On consoles, half of Sonic Generations is going to take place racing through 2D classic levels (which look fantastic), and half of the game will take place in 3D in behind-the-back chase sequences (which look on-par with the series’ typical behind-the-back chase sequences). We’re going to say what everyone is thinking: why don’t they just cut out those generally lackluster 3D levels entirely? Lucky for 3DS owners, the handheld version is going to do just that.

All of Sonic Generations 3DS will take place in 2.5D, with 3D character models popping out of the screen while Sonic runs through some of the best levels in the series’ history as both “classic” and “modern” Sonic. When we saw the game a few weeks back, we said that the classic Sonic levels felt like the 16-bit versions, while the modern ones mimicked Sonic 4, and that’s something we’re totally cool with. Usually, the handheld iterations of games are weaker than the console releases, but it looks like this might be one of the rare instances where the roles are reversed.

Mario Kart 7

Release: December 2011

The 3DS has actually already been host to a number of racing games. So far, none have succeeded in rising above mediocrity, or doing much more than making us really excited for Mario Kart 7, the first numbered entry in the Mario Kart franchise. Mario Kart 7 looks jam packed with awesome content, even when compared to the Wii version from 2008. Being able to not just change vehicles, but customize them is a fantastic addition to the racing franchise, and we’re excited to see what Nintendo does with the added underwater and glider sections. So far, they haven’t felt all that different from the ground portions, but we’re hoping Nintendo has a trick or two that we haven’t seen yet.

But what really makes Mario Kart 7 exiting is the multiplayer functionality. We doubt Nintendo is planning on reinventing the wheel when it comes to multiplayer, but if it’s anything like Mario Kart DS, we can rest assured that it’s going to be the multiplayer game on the handheld—the one we reach for whenever we spy another 3DS from across the room. We’re also looking forward to clocking some good time playing with gamers from around the world, and finally making use of that 3DS friend list beyond seeing what our friends’ favorite games are.

The 3DS has actually already been host to a number of racing games. So far, none have succeeded in rising above mediocrity, or doing much more than making us really excited for Mario Kart 7, the first numbered entry in the Mario Kart franchise. Mario Kart 7 looks jam packed with awesome content, even when compared to the Wii version from 2008. Being able to not just change vehicles, but customize them is a fantastic addition to the racing franchise, and we’re excited to see what Nintendo does with the added underwater and glider sections. So far, they haven’t felt all that different from the ground portions, but we’re hoping Nintendo has a trick or two that we haven’t seen yet.

But what really makes Mario Kart 7 exiting is the multiplayer functionality. We doubt Nintendo is planning on reinventing the wheel when it comes to multiplayer, but if it’s anything like Mario Kart DS, we can rest assured that it’s going to be the multiplayer game on the handheld—the one we reach for whenever we spy another 3DS from across the room. We’re also looking forward to clocking some good time playing with gamers from around the world, and finally making use of that 3DS friend list beyond seeing what our friends’ favorite games are.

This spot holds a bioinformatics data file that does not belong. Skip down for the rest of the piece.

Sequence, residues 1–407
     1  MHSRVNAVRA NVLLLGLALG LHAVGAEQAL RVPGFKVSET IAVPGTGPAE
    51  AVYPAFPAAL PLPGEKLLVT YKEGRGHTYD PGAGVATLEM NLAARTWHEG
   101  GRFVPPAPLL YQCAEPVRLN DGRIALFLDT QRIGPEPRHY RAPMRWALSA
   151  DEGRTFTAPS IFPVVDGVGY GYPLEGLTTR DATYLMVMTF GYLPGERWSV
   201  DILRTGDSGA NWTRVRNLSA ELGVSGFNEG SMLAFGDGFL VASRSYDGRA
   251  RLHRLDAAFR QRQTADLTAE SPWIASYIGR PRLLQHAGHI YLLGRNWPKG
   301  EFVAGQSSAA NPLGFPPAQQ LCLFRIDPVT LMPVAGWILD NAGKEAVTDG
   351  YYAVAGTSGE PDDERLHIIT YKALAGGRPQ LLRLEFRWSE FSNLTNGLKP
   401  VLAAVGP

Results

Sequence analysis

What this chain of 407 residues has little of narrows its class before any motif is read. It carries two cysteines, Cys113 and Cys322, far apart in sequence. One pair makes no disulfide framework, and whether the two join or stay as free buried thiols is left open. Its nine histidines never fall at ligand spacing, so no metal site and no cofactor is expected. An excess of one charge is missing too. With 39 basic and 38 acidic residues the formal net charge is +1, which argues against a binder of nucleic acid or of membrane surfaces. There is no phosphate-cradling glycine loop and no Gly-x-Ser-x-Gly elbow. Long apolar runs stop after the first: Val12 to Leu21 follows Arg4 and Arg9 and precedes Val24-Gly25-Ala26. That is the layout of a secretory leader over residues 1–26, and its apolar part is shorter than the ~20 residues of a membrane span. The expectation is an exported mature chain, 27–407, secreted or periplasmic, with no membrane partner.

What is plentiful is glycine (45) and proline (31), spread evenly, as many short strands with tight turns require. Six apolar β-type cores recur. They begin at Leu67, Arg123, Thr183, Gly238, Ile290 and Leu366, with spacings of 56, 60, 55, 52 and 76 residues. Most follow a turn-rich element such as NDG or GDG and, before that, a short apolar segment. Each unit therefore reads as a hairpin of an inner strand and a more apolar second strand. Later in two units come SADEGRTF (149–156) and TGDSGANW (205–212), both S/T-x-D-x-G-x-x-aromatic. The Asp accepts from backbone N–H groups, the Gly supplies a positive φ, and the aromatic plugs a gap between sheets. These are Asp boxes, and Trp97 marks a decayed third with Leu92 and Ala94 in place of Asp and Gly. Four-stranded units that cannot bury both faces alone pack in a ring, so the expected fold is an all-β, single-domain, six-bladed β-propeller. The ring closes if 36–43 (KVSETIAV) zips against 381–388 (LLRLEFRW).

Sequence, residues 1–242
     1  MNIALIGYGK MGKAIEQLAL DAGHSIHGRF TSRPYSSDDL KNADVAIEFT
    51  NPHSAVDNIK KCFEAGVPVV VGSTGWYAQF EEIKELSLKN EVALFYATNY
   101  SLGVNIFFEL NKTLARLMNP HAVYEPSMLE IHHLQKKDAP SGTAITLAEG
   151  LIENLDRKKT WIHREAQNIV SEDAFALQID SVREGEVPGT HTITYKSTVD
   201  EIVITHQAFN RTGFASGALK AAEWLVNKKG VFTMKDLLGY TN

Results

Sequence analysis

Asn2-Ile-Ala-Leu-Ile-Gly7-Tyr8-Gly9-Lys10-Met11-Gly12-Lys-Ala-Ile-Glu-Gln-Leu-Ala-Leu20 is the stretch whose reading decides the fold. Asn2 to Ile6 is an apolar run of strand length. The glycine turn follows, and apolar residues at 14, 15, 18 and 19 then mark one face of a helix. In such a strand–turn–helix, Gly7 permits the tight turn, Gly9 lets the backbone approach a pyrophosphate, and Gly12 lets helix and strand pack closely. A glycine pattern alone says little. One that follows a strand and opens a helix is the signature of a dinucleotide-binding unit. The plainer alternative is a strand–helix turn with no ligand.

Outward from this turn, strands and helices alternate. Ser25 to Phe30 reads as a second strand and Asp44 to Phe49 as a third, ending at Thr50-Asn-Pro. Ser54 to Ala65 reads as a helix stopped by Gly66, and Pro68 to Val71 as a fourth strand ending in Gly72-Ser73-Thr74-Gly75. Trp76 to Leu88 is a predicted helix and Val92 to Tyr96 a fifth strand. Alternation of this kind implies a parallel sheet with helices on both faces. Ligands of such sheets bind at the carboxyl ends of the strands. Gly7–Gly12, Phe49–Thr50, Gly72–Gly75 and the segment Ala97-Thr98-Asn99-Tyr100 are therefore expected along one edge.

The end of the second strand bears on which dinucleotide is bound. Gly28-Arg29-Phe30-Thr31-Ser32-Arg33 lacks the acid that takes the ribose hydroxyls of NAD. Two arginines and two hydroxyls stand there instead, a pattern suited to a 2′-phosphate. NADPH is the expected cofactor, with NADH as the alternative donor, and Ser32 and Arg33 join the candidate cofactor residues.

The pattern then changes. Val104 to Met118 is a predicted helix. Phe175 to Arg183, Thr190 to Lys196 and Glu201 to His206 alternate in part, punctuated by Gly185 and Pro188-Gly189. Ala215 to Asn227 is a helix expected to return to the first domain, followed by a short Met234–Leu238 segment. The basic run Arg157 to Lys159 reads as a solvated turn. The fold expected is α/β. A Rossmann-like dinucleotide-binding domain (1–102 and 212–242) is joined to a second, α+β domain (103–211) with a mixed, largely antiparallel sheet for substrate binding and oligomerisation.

Kid Icarus: Uprising

Release: TBD 2011

It’s been too long since Kid Icarus’s Pit starred in his own title. Now, the hero is not only getting his first game in nearly 20 years, but he’s starring in one of the 3DS’s first killer apps, and we’re really, really excited by his return. Kid Icarus: Uprising doesn’t share all that much in common with its NES and Game Boy predecessors when it comes to gameplay. Instead of Metroid-like 2D platformer, Pit will make use of his wings, flying through the air and shooting down foes before engaging them in hack-and-slash combat on the ground. It’s a big departure, but the inclusion of classic allies and enemies should help us feel as though it’s still connected.

Nintendo hasn’t given a firm date yet, but they’re pretty sure Pit will take flight again by the end of the year, and considering this was one of the first titles shown off for the handheld, we’re really hoping they’re right—for their sakes and ours.

NEXT PAGE: Pokémon, Star Fox and Professor Layton (sorta)

It’s been too long since Kid Icarus’s Pit starred in his own title. Now, the hero is not only getting his first game in nearly 20 years, but he’s starring in one of the 3DS’s first killer apps, and we’re really, really excited by his return. Kid Icarus: Uprising doesn’t share all that much in common with its NES and Game Boy predecessors when it comes to gameplay. Instead of Metroid-like 2D platformer, Pit will make use of his wings, flying through the air and shooting down foes before engaging them in hack-and-slash combat on the ground. It’s a big departure, but the inclusion of classic allies and enemies should help us feel as though it’s still connected.

Nintendo hasn’t given a firm date yet, but they’re pretty sure Pit will take flight again by the end of the year, and considering this was one of the first titles shown off for the handheld, we’re really hoping they’re right—for their sakes and ours.

NEXT PAGE: Pokémon, Star Fox and Professor Layton (sorta)